I'm sure everyone has heard the big news about how the Supreme Court has established the Constitutional right of same-sex couples to marry and have this union recognized nationwide. Yes us gays have finally succeeded in "shoving gay marriage down society's throat" and spurting their sticky concepts of equality and liberty all over it's face. Obviously there is only one adequate response to the gays and their incessant need to be treated like equal Americans and have their love legally recognized as much as any Kardashian brand synergistic PR stunt:
I'm sorry. Let me try for an expression far more refined and appropriate for the situation:
It's about fucking time!
While we celebrate this achievement in human rights and do our hard-fought and much-deserved victory dance in front of those who thought that a portion of people could be treated as second-class citizens, it's important to consider a few things by looking at the past, present and future of the gay marriage fight.
(Past). First of all, here's a quick summary/timeline of the gay liberation movement in the US to see what we had to struggle against to get to this point.
Let's be clear: this is not something that was just " granted " to gay people out of the blue. Don't let the fact that the turn-around on gay marriage has been gradual fool you that this happened apropos of nothing. (Let us remember that if was only roughly 12 years ago to that that our nation decriminalized what consenting adults did in their own bedrooms. And only about 7 years ago that "liberal" California passed the discriminatory, unconstitutional Proposition 8. A proposition that the majority of Californians would vote against now, incidentally.) If there is a public shift of opinion on this issue, it's because we refused to remain invisible and silence our voices. We stood firm for our rights and refuse to back down. Gay people had a lot to struggle against and we fought back. Activism and challenging discriminatory practices does work, don't let "PC" accusations tell you otherwise. Yes it may do so more gradual than many would like, but it's all the more reason to start pushing back against oppression now.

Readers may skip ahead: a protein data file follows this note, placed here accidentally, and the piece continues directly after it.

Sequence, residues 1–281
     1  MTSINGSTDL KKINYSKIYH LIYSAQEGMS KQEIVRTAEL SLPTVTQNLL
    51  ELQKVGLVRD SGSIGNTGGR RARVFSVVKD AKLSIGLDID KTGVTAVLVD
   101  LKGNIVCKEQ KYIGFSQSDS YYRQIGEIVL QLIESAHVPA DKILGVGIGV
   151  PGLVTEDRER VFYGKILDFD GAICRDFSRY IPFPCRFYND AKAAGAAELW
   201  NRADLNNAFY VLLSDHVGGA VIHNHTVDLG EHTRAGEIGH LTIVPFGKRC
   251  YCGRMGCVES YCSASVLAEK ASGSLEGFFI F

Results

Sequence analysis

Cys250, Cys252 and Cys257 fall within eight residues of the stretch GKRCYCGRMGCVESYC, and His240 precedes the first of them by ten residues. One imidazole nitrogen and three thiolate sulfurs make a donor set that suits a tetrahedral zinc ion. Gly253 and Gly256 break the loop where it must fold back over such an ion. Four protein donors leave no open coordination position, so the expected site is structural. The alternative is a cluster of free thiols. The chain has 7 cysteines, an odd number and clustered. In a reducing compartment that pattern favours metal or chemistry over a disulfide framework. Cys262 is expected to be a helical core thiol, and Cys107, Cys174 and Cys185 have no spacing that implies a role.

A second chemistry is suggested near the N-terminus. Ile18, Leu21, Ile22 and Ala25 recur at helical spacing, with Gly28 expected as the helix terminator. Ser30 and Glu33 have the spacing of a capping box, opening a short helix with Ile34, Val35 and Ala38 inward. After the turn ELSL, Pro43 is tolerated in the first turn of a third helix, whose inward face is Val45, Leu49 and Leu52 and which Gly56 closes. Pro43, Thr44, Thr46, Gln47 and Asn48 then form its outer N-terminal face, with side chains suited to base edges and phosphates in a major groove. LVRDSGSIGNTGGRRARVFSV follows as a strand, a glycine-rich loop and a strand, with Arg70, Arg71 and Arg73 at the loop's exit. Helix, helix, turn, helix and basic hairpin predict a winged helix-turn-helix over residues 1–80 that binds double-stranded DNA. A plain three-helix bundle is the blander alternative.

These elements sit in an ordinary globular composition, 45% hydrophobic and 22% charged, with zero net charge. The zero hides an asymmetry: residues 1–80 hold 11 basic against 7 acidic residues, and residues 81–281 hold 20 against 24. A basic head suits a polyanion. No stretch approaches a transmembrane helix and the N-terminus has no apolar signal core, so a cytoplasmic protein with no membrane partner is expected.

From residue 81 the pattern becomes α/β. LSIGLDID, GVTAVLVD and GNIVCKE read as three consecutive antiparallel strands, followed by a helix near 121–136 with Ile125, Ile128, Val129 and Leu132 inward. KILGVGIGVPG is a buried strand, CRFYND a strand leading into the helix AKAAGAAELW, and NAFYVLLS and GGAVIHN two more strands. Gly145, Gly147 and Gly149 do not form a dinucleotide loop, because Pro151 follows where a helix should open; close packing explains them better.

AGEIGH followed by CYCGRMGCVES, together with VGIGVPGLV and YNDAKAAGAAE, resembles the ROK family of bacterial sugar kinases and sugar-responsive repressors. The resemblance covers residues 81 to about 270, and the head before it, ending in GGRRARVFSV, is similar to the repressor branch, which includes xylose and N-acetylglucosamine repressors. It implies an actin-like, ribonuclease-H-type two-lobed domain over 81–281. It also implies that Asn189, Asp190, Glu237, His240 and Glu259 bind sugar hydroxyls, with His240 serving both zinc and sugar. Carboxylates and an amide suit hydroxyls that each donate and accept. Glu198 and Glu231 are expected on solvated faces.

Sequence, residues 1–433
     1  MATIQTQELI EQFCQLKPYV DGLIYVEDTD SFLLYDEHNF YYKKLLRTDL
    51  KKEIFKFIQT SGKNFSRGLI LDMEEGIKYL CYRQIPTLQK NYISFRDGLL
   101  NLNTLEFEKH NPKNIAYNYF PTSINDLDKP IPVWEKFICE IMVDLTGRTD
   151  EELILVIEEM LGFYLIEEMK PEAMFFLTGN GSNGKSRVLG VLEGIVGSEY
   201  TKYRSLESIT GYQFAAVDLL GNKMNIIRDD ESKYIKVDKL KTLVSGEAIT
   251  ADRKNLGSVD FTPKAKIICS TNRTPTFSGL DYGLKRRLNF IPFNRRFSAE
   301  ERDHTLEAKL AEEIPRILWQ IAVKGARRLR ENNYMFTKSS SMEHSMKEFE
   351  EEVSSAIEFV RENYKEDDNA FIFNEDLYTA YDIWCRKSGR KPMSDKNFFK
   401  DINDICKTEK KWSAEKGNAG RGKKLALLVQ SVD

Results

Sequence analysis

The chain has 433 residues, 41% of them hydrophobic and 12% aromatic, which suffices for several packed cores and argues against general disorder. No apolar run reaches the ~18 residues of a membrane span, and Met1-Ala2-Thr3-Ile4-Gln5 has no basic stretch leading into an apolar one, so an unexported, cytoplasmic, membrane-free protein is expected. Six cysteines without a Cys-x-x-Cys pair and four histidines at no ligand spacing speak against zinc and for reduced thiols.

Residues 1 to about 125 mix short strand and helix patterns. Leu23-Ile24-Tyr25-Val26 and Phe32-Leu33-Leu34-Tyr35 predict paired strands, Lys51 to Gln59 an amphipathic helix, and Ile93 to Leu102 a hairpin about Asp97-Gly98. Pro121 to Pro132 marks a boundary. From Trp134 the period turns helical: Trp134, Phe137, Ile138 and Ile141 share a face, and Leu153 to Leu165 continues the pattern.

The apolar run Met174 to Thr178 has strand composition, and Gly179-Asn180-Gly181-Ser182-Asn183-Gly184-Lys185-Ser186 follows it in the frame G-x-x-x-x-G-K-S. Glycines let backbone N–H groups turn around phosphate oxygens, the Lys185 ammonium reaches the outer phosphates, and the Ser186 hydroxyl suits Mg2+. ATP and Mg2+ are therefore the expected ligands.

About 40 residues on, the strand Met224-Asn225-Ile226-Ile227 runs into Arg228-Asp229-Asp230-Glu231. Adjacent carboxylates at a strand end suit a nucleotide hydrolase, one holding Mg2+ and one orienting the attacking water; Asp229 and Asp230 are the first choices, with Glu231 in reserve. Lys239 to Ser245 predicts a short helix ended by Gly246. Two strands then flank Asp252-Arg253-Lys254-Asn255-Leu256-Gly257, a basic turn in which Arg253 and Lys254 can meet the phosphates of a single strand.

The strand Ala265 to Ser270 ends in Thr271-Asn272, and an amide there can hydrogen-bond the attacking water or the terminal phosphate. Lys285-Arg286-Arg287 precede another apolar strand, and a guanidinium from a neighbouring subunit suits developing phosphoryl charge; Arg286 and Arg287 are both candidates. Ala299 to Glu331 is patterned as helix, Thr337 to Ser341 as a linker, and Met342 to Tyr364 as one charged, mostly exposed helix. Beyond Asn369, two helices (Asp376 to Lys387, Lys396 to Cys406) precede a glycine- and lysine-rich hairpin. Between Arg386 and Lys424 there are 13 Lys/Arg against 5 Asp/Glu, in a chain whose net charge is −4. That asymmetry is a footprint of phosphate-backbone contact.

(Present). Here's a very good thorough analysis of the why the Supreme Court made the decision it did.
Again it's important to note that that same-sex marriage was not simply "given" to us by the Supreme Court as a "present", but a a recognition of a right that (via the 14th amendment) should have never been denied in the first place. This was about ending legally sanctioned discrimination against gay relationships for purely arbitrary and irrational reasons (no, "eww gross! I think the gays are icky" is not a sound legal justification.) This is just a reminder that clear-headed people should NOT pander to or enable bigots, because their rhetorical inconsistencies will not withstand a challenge.
(Future). And of course as the repeal of Jim Crow laws has demonstrated, this victory this means that gay people will never face discrimination or repression of their rights ever again! (Insert an Eyeroll of Disbelief so strong I think it's actually affecting the tides.) We've already gotten pushback on this issue from Texas and Louisiana. (Because when you're a lawmaker, "laws" are optional now?) And expect to see more "religious freedom" bullshit flung around by primates who think the god of their choice gave them a legal "right" to impede everyone else's. Not to mentioned that buried under the celebratory nature of the gay marriage ruling is the fact that many gay people in many states are still vulnerable to abuse and discriminatory practices with few means of legal or societal resources. There's still work to do. It's not "over" despite what the naysayers might whine about (hint: you can speed up the process by NOT denying people their god damn rights.) So yes, supporters of equal rights should celebrate, but not be tempted to settle into complacency because this should be only one of many victories.